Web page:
Jeremy Keith has the rare ability to communicate web technologies with refreshing clarity: reading his DOM Scripting a decade ago was a revelation to me. A recent interview on The Web Ahead was similarly insightful as he shared Robin Sloan’s concepts of “stock” and “flow”, which I find more helpful to relate as “land and ocean”.
“Land” is the relatively stable part of the Internet: web pages and other content that remain much the same from one week to the next. This content is not completely permanent: unless they are actively maintained and updated, pages will erode, just as geographical features do. Eventually destructive forces will remove your site entirely: domain names are leased, not owned, and will not be renewed forever unless you make plans for a digital afterlife.
Long ago, all of Earth’s landmass was locked together in the supercontinent of Pangaea; similarly, in the early years, pages were all that existed on the web. Today, there’s social media: transient, ephemeral information that is created and consumed in real time. This is the ocean: a surging, ever-changing foam of data that is difficult to archive or reference. This does not mean that social media is valueless: it can affect your life as deeply as any chance encounter or insightful conversation. But just like those real-life moments, social media interactions are difficult to recall later. You can “like” something in the ocean, but the emotion tends to be fleeting.
Human beings are attracted to change and vibrancy: we enjoy the endless, shifting patterns of social media. But it’s not a location we can live in: people need stability, a place with an accessible history. We need an environment that enables the attachment of love, rather than “like”. That’s web pages with static URLs.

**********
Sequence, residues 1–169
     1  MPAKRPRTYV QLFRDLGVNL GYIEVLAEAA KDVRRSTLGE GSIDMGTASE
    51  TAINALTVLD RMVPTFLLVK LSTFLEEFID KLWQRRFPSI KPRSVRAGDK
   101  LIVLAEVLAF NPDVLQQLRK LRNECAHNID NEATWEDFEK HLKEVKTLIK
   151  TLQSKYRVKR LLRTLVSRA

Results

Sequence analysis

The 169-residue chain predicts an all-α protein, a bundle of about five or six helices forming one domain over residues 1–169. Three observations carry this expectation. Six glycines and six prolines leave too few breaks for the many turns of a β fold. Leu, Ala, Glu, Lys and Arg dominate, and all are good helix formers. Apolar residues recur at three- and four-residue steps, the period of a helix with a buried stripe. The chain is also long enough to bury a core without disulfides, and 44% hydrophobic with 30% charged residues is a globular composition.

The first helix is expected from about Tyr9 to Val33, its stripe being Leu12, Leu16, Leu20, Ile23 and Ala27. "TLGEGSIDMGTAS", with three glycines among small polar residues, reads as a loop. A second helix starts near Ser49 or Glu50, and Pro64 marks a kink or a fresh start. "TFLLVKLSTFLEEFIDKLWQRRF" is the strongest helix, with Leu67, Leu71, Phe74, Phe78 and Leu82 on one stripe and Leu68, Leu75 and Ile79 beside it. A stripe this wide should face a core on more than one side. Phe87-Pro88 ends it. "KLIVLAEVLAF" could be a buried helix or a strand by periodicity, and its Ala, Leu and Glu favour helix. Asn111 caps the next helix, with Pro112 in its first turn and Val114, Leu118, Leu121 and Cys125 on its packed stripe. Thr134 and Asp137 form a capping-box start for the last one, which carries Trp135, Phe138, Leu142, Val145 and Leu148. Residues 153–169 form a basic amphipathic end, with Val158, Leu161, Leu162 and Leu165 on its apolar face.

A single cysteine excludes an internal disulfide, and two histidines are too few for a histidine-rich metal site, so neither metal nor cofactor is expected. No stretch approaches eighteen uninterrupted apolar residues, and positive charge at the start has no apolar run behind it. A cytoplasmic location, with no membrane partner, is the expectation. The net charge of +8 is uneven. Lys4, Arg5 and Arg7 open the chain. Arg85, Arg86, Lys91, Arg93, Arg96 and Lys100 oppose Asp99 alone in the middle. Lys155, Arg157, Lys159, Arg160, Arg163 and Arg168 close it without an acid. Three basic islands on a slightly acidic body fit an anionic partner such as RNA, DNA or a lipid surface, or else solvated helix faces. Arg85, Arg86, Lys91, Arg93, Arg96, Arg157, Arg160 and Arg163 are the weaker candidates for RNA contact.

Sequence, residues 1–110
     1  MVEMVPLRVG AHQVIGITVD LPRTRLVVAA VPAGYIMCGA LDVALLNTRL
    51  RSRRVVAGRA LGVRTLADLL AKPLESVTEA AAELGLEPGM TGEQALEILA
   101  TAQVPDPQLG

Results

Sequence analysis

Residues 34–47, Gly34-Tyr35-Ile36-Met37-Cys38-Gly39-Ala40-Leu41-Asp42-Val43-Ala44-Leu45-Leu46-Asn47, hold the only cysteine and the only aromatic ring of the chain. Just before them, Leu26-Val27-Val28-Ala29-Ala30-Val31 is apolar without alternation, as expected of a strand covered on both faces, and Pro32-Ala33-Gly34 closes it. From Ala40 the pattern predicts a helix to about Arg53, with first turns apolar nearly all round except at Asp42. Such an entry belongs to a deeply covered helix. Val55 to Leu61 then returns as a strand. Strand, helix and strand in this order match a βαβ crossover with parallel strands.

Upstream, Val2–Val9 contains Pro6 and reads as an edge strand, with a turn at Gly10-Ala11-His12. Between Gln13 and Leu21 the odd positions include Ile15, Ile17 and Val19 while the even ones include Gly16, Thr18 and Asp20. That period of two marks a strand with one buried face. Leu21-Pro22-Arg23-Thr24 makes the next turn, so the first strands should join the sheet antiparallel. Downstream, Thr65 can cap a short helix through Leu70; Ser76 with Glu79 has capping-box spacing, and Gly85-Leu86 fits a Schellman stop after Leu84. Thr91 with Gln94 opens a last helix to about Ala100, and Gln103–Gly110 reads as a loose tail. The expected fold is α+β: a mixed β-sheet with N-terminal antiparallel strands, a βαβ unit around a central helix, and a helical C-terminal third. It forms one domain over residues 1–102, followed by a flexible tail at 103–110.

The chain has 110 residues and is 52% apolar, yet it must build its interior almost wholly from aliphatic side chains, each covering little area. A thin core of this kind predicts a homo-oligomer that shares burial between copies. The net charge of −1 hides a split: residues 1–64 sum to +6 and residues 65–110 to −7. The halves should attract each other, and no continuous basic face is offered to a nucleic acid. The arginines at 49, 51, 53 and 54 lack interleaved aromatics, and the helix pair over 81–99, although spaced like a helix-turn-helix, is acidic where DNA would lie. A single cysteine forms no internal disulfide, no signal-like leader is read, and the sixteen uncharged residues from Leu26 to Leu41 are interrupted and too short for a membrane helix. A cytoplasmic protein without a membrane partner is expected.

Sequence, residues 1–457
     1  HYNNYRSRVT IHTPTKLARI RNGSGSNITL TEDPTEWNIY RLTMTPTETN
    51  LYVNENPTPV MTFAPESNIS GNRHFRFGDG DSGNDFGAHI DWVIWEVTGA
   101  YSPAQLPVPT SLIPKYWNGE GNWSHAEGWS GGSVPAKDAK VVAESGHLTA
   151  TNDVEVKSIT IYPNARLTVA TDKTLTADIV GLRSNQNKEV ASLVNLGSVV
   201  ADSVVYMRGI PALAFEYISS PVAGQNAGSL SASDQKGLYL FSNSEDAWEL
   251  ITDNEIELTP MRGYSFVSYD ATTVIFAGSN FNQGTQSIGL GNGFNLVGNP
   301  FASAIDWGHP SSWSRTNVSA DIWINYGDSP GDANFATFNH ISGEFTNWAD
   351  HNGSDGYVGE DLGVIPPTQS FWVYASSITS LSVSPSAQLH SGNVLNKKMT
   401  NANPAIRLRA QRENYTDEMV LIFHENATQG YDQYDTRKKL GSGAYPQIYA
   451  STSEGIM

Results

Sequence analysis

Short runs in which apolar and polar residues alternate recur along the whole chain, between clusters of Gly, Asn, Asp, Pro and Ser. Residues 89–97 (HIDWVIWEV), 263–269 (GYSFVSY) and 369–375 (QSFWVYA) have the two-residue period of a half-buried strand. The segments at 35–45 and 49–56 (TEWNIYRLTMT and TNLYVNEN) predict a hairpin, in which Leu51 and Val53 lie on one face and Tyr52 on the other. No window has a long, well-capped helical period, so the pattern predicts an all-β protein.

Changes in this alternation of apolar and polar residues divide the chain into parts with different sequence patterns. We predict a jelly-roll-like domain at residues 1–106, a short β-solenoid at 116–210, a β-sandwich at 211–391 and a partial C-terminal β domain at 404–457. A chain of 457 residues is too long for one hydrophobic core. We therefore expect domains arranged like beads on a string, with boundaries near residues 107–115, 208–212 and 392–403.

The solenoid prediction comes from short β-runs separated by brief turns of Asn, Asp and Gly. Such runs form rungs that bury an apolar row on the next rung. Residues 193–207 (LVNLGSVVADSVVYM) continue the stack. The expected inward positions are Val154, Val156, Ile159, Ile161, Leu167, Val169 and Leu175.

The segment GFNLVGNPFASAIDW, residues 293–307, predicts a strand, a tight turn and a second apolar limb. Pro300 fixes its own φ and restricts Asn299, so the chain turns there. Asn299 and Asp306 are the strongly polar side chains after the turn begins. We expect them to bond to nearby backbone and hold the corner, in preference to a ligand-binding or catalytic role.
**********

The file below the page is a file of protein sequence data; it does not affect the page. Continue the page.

Just as we cross oceans to reach landfall, social media is a means of reaching the stability of well-curated sites. An interface exists: fresh-water rivers carrying new information from sites to the ocean; incoming social media waves chewing up coastlines, altering the content of sites.
Both exist, both have their roles, and a web presence needs both: social media is not simply a way to broadcast your site content, any more than the ocean is solely an expression of the rivers that feed into it. At the same time, a website is not a fixed or eternal set of data. Both ocean and land, social media and static web pages, need to interact with each other, and both are necessary to the modern web site.
Photograph by Darren Johnson, licensed under Creative Commons